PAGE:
My father called that day “Black Monday.” It was the day that the doctor said to my parents, “I am sorry, but there is nothing more we can do for your son. It is your choice if you would like to let him die in the hospital or at home.” It wasn’t a decision. There was nothing my brother wanted more than to be at home. And so for the next two weeks we were there with my brother, watching his life slowly ebb away. We were all with him in the room that Friday morning when he was niftar.
My sister wouldn’t give up. She wanted nothing more than to live. So she turned deaf ears to her friends’ pleas of letting hospice come in to make her more comfortable. But that Monday when she was admitted to the hospital we knew she wouldn’t be coming home. I spent many hours that week at her bedside refusing to leave until she was nifteres.
My mother wasn’t doing well. Someone needed to travel in to be with her. My sisters had recently been there. It was my turn to go. By the time I got on the plane, she was in the hospital. I went straight from the airport to the hospital and stayed there with her as much as I could. I was right next to her as she was nifteres.
As each yahrtzeit comes along, I light the yahrtzeit licht and I remember. I remember what I had. I cry over what I lost. And I feel comfort that I knew to make the most of the last few months. Our last words were pleasant words. Our last interactions were caring ones.
On June 21, 2015, I attended a triple siyum l’ilui neshamos the three boys from Eretz Yisrael who were kidnapped and so brutally murdered. I walked in and was faced with three yahrtzeit candles, each one with the name of the niftar. I saw those dancing flames and was seized with such sadness. I can’t even begin to fathom the pain of these families. Each day my children leave to school, and I expect them to return. But on that day, three sons didn’t return. Three mothers saw their sons off one day, never thinking that they would never see their children again. And then comes the angst of not knowing – not knowing if their sons cried out for them. Did they suffer a lot? Did they suffer for long? There is no comfort in knowing that they were there for their children at the last moments.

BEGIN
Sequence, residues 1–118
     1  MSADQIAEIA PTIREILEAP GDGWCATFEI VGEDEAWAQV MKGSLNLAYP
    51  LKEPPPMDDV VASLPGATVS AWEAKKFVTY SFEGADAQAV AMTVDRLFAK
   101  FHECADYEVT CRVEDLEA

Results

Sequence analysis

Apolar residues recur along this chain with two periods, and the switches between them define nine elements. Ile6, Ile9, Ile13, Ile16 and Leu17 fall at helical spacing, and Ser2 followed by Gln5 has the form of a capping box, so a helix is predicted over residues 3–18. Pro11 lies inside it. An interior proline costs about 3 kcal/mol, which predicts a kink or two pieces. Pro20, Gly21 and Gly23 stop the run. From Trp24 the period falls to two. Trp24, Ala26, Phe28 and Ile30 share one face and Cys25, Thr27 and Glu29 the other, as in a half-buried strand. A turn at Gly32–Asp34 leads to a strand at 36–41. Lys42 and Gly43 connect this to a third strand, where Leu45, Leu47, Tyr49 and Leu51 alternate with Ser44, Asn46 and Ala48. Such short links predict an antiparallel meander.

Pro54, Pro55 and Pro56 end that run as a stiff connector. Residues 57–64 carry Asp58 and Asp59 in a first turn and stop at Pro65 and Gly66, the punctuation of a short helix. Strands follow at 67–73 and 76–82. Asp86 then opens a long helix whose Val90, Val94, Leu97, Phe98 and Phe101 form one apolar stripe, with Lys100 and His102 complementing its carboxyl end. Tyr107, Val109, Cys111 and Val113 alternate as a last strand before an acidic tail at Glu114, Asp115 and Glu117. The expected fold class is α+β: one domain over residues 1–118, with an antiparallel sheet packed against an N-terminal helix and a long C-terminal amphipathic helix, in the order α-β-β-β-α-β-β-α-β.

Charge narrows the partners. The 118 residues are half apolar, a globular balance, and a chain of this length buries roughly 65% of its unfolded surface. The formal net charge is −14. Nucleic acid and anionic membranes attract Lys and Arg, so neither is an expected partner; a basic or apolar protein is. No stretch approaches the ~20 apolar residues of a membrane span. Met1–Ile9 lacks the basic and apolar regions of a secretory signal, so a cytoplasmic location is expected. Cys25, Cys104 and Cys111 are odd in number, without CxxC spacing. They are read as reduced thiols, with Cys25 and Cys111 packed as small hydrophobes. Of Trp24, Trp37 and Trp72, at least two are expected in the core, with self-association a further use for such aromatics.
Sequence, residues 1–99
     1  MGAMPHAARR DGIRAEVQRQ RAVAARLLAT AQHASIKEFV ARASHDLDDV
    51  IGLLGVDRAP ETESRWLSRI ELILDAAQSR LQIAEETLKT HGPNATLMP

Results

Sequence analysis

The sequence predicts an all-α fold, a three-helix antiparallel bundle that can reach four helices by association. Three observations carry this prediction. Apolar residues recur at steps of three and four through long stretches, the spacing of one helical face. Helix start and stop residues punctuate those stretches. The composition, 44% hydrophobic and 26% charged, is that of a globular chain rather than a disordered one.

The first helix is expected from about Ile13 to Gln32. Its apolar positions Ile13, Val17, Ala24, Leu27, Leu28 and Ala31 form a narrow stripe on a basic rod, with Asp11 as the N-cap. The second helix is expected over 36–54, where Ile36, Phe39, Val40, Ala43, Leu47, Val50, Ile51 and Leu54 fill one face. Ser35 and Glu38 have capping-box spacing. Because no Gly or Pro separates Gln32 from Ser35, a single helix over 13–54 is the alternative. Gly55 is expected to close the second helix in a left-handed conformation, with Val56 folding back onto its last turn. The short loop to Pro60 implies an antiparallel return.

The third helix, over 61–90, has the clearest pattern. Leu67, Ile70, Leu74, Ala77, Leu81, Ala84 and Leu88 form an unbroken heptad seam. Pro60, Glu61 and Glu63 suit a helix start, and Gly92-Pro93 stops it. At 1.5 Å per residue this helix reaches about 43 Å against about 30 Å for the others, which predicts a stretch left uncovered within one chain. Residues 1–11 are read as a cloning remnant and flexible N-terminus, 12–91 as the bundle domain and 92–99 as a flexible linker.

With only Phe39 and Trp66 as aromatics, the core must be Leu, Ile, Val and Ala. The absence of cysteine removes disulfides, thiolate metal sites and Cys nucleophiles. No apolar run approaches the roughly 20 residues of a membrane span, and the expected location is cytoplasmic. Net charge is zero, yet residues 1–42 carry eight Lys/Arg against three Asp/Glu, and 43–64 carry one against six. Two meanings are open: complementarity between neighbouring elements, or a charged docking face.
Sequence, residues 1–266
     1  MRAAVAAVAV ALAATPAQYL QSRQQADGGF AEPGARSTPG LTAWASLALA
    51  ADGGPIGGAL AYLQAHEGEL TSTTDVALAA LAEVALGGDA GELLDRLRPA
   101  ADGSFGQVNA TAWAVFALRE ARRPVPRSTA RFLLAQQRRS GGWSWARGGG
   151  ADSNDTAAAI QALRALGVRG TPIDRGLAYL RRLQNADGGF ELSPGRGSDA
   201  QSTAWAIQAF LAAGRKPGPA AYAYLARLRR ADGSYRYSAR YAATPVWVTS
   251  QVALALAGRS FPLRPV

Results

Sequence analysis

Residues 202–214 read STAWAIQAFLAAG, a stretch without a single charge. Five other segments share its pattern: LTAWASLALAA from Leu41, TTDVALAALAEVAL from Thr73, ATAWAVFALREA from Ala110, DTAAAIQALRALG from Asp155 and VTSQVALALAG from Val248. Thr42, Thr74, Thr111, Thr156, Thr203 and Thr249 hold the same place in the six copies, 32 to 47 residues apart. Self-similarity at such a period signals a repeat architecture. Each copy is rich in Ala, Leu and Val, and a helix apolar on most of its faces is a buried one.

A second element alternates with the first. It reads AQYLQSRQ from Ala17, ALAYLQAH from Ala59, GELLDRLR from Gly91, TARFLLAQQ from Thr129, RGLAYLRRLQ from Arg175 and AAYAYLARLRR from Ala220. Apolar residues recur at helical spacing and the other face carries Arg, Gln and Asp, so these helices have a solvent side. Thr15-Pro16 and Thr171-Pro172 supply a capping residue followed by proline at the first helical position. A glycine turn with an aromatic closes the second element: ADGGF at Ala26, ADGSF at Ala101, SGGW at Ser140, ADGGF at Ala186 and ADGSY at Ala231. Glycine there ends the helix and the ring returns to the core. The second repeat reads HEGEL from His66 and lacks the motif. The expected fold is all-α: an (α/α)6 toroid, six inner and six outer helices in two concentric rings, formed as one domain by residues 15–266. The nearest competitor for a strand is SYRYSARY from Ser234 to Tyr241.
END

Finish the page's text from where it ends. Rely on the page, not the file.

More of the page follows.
These dancing flames make me marvel at how all Yidden are connected. I never would have thought that I would be at a siyum l’ilui neshamos these boys. Our worlds are worlds apart. And yet tonight we were deeply connected. I wonder if as there is a connection made in this world, there is a connection in the next? Do my parents have anything to do with these three boys? Is there something that has come full circle that I won’t know about in this world?
I always enjoy watching men dancing. On this night the dancing was full of simchah as the men celebrated the completion of Shas three times. It really was a beautiful and inspiring simchah. I am guessing that most of the people present never would have imagined that one day they would be learning l’ilui neshamos an Israeli bachur they had never met. The truth is that it’s the Torah that connects each Jew. No matter who and no matter where, our lives are so tightly intertwined.
On this night everyone was connected, united by the Torah they learned. We all have what to work on. But on the night of the siyum, the feeling was one of love for Hashem and His Torah.
No, these families don’t have the comfort of knowing that they were there for their children in their last minutes. But they have the comfort of knowing that their deaths have brought about substantial amounts of limud Torah. They have the comfort of knowing that their deaths have created colossal amounts of achdus.
As I walked out feeling inspired, the three yahrtzeit candles were still burning strongly. In my mind I saw the candles that burn in my house four times a year, each one for a different person. But I never thought I would see them burning for any of these three boys. I didn’t think there would ever be a real tangible connection from me to them.
On this night, in this world, I was connected to these three boys. The Torah learning that took place here in this town connected me to three Israeli boys that are no longer among the living. It wasn’t random that I ended up at this siyum. Hashem made events happen so that I should be there. I needed to have the connection to these neshamos tonight.
I never have a yahrtzeit too far off. Maybe next time I will light the yahrtzeit candle I will think not only of my loved one but of these three boys as well. Because I now know that in some way I am connected to these neshamos as well.